Lastly, it would be as well to compare the sheer size of the ICFRE scientific manpower with that in a comparable country, say China. Some information on the “Number of graduate staff” is available in the FAO-IUFRO Directory of Forest Research Institutions (FAO, 1993), which though old reflects the position at the time the role of universities in forest research was being actively debated in India.

Table 1- CHINA


Sl.No.
INSTITUTE
No.Grad.Staff
01
ACADEMIA SINICA, INSTITUTE OF DESERT RESEARCH, Lanzhou
238
02
ANHUI PROVINCE FOREST, BIOLOGICAL CONTROL CENTRE, Hetel city
033
03
CHINESE  ACADEMY OF FORESTRY , CENTRE OF EVALUATING EFFECTS ON ENV, Beijing
019
04
CHINESE  ACADEMY OF FORESTRY, RESEARCH INSTITUTE OF FORESTRY, Beijing
239
05
CHINESE ACADEMY OF FORESTRY, RESEARCH INSTITUTE OF SCIENTIFIC AND TECHNOLOGICAL INFORMATION, Beijing
100
06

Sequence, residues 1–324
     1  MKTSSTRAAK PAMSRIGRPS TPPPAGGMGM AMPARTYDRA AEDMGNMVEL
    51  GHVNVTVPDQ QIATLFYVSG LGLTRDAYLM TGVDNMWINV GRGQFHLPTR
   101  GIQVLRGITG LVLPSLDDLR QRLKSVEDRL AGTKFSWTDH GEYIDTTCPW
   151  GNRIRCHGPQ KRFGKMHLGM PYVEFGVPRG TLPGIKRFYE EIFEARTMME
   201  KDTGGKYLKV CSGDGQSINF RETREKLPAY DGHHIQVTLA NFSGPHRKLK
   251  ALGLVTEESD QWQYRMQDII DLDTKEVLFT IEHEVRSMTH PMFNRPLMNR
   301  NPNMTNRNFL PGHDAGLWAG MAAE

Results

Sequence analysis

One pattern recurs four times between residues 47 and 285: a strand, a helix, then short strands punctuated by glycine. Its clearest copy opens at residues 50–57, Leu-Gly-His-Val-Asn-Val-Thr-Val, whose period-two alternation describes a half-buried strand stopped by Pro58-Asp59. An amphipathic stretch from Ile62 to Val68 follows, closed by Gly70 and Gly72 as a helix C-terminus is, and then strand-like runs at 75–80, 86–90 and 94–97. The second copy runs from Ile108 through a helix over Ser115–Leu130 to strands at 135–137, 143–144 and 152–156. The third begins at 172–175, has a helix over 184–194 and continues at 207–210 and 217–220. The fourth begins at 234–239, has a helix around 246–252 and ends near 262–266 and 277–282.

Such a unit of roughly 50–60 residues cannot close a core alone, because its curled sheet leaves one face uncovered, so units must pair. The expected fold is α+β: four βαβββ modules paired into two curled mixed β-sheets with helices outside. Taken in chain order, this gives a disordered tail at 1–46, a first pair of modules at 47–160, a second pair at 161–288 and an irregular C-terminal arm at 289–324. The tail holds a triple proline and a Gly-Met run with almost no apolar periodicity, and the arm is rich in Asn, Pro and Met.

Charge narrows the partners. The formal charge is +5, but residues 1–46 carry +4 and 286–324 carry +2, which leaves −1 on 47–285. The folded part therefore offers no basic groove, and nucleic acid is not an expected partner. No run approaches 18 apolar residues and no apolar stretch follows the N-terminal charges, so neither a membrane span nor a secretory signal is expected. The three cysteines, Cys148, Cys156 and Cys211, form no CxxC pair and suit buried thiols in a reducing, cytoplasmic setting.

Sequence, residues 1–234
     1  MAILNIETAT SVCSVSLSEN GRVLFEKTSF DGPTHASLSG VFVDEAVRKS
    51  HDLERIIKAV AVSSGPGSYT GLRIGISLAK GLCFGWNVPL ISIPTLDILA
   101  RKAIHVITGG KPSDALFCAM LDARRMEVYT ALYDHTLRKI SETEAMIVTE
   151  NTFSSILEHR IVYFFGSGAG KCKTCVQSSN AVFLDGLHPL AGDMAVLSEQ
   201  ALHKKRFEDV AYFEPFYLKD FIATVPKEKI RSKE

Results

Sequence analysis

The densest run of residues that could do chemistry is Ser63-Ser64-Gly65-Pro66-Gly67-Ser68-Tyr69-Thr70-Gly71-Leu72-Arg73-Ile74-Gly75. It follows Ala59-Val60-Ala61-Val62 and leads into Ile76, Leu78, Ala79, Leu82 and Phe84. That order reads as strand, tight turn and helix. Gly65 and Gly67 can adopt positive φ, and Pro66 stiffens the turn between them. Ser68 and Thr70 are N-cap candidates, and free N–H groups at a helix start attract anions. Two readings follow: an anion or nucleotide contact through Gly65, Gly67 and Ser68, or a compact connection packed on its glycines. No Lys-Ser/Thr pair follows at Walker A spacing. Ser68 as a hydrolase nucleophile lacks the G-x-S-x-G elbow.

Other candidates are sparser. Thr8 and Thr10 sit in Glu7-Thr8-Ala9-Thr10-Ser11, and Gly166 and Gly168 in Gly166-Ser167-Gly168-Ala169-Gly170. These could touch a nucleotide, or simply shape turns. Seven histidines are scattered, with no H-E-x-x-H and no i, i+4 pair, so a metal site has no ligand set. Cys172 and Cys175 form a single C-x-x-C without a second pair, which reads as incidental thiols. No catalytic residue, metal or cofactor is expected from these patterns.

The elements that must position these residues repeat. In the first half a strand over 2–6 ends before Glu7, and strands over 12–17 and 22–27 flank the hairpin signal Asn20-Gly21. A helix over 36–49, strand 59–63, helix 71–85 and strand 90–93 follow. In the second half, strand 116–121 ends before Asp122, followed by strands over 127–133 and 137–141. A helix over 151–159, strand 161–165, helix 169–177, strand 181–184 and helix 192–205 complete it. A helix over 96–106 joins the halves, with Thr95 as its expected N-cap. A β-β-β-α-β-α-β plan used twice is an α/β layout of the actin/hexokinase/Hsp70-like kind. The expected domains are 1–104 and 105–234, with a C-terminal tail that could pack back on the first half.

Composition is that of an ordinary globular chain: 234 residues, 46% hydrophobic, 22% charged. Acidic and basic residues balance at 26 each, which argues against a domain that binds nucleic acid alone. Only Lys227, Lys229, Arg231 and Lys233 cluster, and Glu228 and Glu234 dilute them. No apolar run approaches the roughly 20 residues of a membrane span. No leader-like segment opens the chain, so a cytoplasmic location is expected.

CHINESE ACADEMY OF FORESTRY, RESEARCH INSTITUTE OF TROPICAL FORESTRY, Long Dong Guangzhou
071
07
CHINESE AC/IDEMY OF FORESTRY. RESEARCH INSTITUTE OF WOOD INDUSTRY, Wan Shou Shan, Beijing
167
08
CHINESE ACADEMY OF FORESTRY. SUBTROPICAL FORESTRY RESEARCH INSTITUTE, Fuyang, Zhejiang
090
09
CHINESE ACADEMY OF SCIENCES. INSTITUTE OF APPLIED ECOLOGY P.O. Box 417, Shenyang
598
10
FORESTRY RESEARCH INSTITUTE OF GUANGXI ZHUANG AUTONOMOUS REGION, 23 Yong Wu Road, Nanning
112
11
RESEARCH INSTITUTE OF FOREST SCIENCE OF SHAANXI PROVINCE, Yongllng Station, Shaanxi Province
126
12
SHANGHAI WOOD INDUSTRY RESEARCH INSTITUTE (SWIRl), 667 Zhongshan Road (West), Shanghai 200051
056
13
SICHUAN RESEARCH INSTITUTE OF FORESTRY, 344 Jinhua Street, Chengdu, Sichuan 610081
212

TOTAL
2061





























Source: Directory of Forestry Research Organizations, Forestry Paper 109, IUFRO and FAO, 1993


Table 2-INDIA

Sl.No.
INSTITUTE
No.Grad.Staff

01
INDIAN COUNCIL OF FORESTRY RESEARCH AND EDUCATION, ARID FORESTRY RESEARCH INSTITUTE, Jodhpur
100
02
INDIAN COUNCIL OF FORESTRY RESEARCH AND EDUCATION, FOREST RESARCH INSTITUTE,  Dehra Dun
100
03
INDIAN COUNCIL OF FORESTRY RESEARCH AND EDUCATION, INSTITUTE OF FOREST GENETICS AND TREE BREEDING, Colmbatore
064
04